Student government Vice President Jennifer Babos chaired Senate for the first time this semester Wednesday night but maintained that her executive role should take precedent over running Senate.
President Cooper Anderson addressed the Senate to discuss the controversy surrounding Babosâ€™s decision not to chair this year to focus on other vice presidential duties. He also encouraged the body to draft a resolution rewriting the constitution and Senate bylaws to clarify what her role should be.
â€œWeâ€™ll adhere to whatever they pass,â€ Anderson said, adding that Babos will chair Senate until the body passes legislation, unless he needs her for executive matters.
Babosâ€™s decision has raised questions from Senators and students as to whether or not she is doing the job she was elected to do by the student body and if her salary reflects her work.
Babos receives $7,250 from student fees for her term. The speaker pro tempore, who has been chairing Senate until now, receives $1,000.
Some senators remain disgruntled over the discussion and donâ€™t think their questions were answered.
â€œI donâ€™t think anything changed,â€ Senator Ben Weiner said. â€œThere were no new explanations. There has been talk of impeachment, with senators and students on the fence.”
â€œI hope so,â€ said graduate student Rich Guggenheim when asked if he thought Babos would face impeachment. â€œIf she wonâ€™t do her job, letâ€™s get someone who will.â€
But executives donâ€™t think it will come to impeachment and believe the open forum was a success in pushing Babosâ€™s message. Former presidential candidate Dave Ambrose said he heard Chief of Staff Nate Fielder shout, â€œYes, we won,â€ outside of the Senate Chambers after the discussion, an allegation Fielder denied.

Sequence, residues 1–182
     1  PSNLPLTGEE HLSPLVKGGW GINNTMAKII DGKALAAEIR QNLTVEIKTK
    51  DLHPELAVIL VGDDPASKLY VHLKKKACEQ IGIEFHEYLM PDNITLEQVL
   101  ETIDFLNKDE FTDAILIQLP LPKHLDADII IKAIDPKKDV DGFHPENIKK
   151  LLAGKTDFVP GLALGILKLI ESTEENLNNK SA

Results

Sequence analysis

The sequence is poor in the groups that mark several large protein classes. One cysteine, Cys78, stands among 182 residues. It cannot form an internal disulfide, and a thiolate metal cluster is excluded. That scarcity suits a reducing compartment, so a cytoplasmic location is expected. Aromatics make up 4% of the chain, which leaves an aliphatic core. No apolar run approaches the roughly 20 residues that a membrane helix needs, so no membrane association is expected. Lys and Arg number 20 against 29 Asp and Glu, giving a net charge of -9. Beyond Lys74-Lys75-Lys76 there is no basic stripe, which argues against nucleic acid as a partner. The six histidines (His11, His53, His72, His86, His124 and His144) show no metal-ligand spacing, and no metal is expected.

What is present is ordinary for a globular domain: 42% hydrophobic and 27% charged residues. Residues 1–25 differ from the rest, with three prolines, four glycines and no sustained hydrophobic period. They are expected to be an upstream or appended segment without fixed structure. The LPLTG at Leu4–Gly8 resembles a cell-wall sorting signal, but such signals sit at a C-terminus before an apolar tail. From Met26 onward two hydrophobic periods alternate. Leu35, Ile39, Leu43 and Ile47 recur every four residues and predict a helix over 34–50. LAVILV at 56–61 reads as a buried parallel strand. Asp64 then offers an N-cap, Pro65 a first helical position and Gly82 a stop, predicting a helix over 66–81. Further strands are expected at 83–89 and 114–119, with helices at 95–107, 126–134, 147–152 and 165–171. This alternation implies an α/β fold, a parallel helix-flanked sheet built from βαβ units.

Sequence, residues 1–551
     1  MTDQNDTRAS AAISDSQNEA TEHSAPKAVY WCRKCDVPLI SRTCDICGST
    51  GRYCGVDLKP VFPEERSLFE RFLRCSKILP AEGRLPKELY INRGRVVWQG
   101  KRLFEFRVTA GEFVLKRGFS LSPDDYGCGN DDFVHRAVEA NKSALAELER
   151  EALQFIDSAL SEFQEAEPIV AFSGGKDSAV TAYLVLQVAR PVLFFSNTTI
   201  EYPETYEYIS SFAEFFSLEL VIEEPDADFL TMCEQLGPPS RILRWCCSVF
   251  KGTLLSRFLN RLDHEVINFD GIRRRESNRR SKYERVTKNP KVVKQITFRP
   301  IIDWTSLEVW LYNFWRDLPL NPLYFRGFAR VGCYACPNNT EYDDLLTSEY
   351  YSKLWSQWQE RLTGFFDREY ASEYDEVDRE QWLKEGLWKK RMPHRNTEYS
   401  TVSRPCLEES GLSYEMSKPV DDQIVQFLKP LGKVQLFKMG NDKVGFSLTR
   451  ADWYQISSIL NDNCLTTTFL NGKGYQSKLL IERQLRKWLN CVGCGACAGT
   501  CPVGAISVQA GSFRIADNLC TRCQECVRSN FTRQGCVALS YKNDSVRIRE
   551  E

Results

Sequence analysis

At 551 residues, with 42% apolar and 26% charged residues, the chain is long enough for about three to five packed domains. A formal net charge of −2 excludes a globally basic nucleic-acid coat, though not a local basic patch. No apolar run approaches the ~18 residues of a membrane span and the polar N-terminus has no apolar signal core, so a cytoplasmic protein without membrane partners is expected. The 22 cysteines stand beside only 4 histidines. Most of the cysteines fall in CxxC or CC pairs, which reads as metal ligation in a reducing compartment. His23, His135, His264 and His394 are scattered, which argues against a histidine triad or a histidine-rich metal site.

â€œWe high-fived,â€ Fielder said. â€œI was excited for him. He proved himself as president tonight.â€
Babos said the speaker only chairs the meeting to facilitate a conversation and thinks if that is all she is there for she shouldnâ€™t be paid.
â€œIf youâ€™re paying me $7,250 to facilitate a conversation, you are highly overpaying me,â€ Babos said.
Babos said that instead of chairing Senate she spends the time doing more with her role than past vice presidents, including working with cabinet on the executiveâ€™s goals, working to develop personal relationships within ASCSU and having a monthly meeting with the administration to discuss interpersonal violence.
However, last yearâ€™s vice president Tim Hole said itâ€™s standard for vice presidents to meet with administrators monthly.
â€œI and every vice president before me had monthly meetings with the president of the university,â€ Hole said.
Anderson apologized for not coming to the Senate sooner with their decision.
â€œI went ahead with this decision with the best intentions,â€ Anderson said. â€œThis address got shuffled to the backburner â€¦ I own the fact that we werenâ€™t here earlier.â€
Citing specific articles of the constitution Anderson went on to say that he interpreted the constitution to mean that Babosâ€™s primary role as vice president is to assist the president in executive duties.
An explanation echoed by Babos.
â€œI think itâ€™s open to interpretation,â€ she said when asked what her role is.
The speaker pro tempore agreed and said she doesnâ€™t have a problem with chairing Senate.
â€œNo, I donâ€™t have a problem with it,â€ said Speaker Pro Tempore, Mary Peterson. â€œIâ€™m doing what my job says, right?â€
ASCSU Beat Reporter Jordyn Dahl can be reached at firstname.lastname@example.org.